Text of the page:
But as Janey’s vigilantism gains worldwide attention, and her showdown with Simon Grove draws ever closer, the reason for her augmented abilities — hers and all the others like her — begins to reveal itself. Because, high above the Earth, other eyes are watching. And they have far-reaching plans…

Gray Widow’s Walk is book one of the Gray Widow Trilogy, to be followed by Gray Widow’s Web and Gray Widow’s War.

That’s from the back of the book, which debuted May 13 at StokerCon in Las Vegas. The following two books will come out one per year, unless I get them done sooner than that, which is entirely possible.

I’ve been trying to decide on the perfect way to sum the book up, and I’ve got a couple of possibilities. You could say that it’s like the Netflix version of Daredevil meets Red Sonja. You could say that it’s a sci-fi/action/horror story, since the principal antagonist, Simon Grove has been responsible for more than one reader’s nightmares. But really, it’s what happens when I get to tell a story entirely my way. No word count restrictions, no age-related language restrictions, no limits on the subject matter. Gray Widow’s Walk is the purest story I’ve ever told, and I’m beyond thrilled finally to have the chance to show it to people.

DanBeachHiRes

A Georgia native, Dan Jolley is an American author who writes novels, video games, and comic books, collects unmotivated felines, and should really go to the gym more. His first original novel trilogy, the YA sci-fi/espionage “Alex Unlimited,” was published in 2007. In 2016 he launched two new series, the superhero noir “Gray Widow Trilogy” and the Middle Grade urban fantasy series “Five Elements.” His comics work includes DC Comics’ Firestorm, Eisner Award nominated JSA: The Unholy Three, and TokyoPop’s The Lost Warrior, an extension of the Warriors novel series by Erin Hunter; his video games include Transformers: War For Cybertron and Fall of Cybertron, Dying Light, and Chronos. Dan and his wife, Tracy, live somewhere in the northwest Georgia foothills.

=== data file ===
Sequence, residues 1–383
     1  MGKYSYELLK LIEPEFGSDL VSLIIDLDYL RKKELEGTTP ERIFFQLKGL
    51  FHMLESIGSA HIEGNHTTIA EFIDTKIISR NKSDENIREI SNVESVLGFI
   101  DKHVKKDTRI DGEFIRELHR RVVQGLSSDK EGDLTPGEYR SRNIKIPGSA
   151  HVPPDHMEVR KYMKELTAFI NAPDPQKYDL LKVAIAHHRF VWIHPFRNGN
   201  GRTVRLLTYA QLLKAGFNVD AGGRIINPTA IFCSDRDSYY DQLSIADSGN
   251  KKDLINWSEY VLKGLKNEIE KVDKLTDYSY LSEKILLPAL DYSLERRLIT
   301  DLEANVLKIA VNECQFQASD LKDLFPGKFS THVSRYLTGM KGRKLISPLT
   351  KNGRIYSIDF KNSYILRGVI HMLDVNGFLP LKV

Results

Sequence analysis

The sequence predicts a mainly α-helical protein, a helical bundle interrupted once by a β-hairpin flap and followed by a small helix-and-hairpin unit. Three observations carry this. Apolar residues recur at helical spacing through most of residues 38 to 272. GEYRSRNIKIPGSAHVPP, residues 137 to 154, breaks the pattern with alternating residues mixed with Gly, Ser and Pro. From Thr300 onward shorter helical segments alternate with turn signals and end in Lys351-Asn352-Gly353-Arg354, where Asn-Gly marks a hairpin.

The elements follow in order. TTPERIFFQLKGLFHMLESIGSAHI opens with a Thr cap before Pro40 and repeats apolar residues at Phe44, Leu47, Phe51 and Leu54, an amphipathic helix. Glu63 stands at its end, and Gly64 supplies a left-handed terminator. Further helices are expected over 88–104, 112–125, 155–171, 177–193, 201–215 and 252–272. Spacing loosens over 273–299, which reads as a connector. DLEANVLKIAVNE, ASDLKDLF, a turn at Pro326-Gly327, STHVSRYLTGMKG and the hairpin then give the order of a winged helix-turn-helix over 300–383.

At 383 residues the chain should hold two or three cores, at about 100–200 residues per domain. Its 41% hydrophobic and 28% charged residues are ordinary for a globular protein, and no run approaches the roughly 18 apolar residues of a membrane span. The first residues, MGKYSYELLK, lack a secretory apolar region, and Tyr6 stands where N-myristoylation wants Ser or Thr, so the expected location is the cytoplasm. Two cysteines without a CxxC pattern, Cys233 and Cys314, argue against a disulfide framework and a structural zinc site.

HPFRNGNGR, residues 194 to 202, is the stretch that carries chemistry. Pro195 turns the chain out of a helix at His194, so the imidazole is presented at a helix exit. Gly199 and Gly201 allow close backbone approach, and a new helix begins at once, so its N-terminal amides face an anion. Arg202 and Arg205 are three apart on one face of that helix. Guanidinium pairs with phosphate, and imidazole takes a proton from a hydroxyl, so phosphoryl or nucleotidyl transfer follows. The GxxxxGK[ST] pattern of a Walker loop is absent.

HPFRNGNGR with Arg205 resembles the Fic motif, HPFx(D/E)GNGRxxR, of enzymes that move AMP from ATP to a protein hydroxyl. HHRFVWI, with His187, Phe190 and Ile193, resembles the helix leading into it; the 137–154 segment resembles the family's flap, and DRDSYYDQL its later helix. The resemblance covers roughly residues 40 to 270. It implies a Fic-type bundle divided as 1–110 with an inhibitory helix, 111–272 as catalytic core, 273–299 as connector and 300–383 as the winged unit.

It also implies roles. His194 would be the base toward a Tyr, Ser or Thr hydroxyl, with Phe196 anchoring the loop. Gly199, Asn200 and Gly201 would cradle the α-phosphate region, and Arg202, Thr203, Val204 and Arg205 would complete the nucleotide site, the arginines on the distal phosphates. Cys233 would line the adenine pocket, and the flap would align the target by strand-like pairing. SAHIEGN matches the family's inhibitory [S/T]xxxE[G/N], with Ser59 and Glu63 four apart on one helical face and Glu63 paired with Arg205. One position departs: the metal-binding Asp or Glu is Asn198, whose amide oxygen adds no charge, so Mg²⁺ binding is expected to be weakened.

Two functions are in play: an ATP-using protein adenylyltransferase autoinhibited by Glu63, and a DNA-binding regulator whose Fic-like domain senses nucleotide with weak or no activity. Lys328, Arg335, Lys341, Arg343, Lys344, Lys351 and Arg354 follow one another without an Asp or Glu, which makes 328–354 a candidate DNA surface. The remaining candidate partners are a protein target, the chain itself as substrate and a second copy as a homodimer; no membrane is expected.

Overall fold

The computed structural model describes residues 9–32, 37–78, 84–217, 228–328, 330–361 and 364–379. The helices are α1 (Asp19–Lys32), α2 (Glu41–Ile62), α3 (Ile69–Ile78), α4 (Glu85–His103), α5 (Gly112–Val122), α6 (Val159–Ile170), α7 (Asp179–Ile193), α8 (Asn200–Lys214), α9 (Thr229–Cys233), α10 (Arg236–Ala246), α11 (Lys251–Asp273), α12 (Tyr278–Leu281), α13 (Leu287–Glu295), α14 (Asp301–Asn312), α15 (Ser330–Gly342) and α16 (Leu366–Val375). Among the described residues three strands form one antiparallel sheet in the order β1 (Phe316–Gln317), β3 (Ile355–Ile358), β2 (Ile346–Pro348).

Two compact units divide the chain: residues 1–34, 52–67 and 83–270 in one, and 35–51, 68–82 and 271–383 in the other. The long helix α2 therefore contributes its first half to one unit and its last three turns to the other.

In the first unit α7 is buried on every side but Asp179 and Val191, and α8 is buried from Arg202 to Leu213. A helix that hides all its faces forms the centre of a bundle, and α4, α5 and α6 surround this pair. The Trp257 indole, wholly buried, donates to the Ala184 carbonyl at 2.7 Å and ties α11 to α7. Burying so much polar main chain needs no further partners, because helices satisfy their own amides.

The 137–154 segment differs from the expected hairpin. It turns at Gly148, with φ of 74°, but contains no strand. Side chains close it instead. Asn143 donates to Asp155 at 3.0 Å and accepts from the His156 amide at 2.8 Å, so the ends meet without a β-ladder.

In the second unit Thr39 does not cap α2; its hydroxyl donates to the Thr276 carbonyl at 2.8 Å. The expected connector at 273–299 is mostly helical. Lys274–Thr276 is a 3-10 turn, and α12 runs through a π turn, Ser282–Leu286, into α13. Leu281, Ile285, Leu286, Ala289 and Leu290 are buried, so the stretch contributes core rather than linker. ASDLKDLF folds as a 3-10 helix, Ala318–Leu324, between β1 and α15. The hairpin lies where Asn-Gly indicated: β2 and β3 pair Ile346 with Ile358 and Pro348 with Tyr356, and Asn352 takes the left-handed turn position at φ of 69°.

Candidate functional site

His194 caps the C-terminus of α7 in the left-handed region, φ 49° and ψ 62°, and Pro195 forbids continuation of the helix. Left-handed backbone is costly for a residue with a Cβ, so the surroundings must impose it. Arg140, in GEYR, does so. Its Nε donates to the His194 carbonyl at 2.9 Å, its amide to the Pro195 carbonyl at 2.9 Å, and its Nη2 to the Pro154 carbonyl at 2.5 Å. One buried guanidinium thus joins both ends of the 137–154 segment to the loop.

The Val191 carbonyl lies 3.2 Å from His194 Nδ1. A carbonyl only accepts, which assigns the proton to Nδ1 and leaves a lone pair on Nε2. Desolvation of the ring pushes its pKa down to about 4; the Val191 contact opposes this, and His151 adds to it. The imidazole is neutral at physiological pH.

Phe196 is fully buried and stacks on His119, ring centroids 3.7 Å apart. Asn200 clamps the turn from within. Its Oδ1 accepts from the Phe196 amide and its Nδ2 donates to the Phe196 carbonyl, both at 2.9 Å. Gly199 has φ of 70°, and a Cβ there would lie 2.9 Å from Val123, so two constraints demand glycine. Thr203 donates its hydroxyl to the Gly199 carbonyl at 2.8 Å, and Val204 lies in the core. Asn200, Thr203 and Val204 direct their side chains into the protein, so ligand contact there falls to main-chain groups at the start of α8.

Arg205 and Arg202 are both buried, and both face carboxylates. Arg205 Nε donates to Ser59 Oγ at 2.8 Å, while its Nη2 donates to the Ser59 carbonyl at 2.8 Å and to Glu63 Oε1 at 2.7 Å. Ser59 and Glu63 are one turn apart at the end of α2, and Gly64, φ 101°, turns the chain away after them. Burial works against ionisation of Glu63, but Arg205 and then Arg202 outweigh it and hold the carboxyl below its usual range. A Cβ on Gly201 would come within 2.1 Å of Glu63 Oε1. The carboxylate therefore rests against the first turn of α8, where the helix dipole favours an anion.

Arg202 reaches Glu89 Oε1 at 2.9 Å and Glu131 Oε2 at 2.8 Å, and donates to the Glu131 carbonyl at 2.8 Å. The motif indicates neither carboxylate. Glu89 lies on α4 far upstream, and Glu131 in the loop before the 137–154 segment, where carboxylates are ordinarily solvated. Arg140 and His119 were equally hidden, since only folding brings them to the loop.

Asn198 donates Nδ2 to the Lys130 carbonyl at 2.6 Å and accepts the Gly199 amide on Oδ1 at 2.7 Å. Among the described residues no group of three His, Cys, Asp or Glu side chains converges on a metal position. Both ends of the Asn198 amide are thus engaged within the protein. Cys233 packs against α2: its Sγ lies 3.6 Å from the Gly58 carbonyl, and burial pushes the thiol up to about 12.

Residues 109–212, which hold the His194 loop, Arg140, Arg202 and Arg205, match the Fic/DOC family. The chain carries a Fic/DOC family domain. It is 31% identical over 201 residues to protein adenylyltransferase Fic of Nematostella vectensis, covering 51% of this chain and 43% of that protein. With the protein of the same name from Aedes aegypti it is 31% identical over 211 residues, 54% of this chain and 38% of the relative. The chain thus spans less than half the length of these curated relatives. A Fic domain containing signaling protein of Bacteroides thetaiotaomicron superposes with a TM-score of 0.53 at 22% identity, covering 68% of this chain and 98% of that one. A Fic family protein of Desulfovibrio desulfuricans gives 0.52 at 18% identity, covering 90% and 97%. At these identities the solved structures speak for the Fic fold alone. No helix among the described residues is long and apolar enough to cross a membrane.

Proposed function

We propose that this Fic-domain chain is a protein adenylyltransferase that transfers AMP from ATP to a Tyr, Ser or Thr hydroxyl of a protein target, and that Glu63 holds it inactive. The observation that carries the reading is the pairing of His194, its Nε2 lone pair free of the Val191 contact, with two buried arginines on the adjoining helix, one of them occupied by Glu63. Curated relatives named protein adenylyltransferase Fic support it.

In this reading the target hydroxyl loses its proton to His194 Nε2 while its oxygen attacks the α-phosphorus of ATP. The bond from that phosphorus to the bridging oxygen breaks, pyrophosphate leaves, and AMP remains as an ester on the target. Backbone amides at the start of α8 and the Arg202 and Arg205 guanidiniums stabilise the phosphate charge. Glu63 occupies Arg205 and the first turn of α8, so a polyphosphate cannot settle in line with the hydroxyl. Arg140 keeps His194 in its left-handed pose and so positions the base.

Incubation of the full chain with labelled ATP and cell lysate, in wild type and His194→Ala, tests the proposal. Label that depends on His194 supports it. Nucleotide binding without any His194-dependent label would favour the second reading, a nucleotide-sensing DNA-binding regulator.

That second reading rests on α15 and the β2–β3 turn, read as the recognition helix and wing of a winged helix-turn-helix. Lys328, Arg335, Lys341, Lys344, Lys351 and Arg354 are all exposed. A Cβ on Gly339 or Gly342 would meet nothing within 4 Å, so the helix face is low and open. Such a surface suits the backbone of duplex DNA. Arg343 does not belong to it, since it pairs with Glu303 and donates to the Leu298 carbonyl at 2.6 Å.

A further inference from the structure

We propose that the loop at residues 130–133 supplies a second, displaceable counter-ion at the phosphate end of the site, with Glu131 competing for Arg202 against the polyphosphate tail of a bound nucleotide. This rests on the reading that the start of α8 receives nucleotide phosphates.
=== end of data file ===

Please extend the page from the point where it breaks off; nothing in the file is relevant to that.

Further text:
Website: www.danjolley.com
Twitter: @_DanJolley
Facebook: www.facebook.com/dan.jolley1

Southern Haunts 3: An interview with Alexander S. Brown

Published May 8, 2016 by admin

SouthernHaunts3TourBadge

It’s blog tour time! Today I have an interview with not only a fantastic editor and author, but one of my favorite people and podcasting co-host. But first, ze book.

SouthernHaunts3Cover_1200X800

Amazon           B&N

Genres/Subgenres: Horror, Short Story, Paranormal, Occult, Folklore/Southern Regional

Deep within the South, read about the magickal folk who haunt the woods, the cemeteries, and the cities. Within this grim anthology, eighteen authors will spellbind you with tales of hoodoo, voodoo, and witchcraft.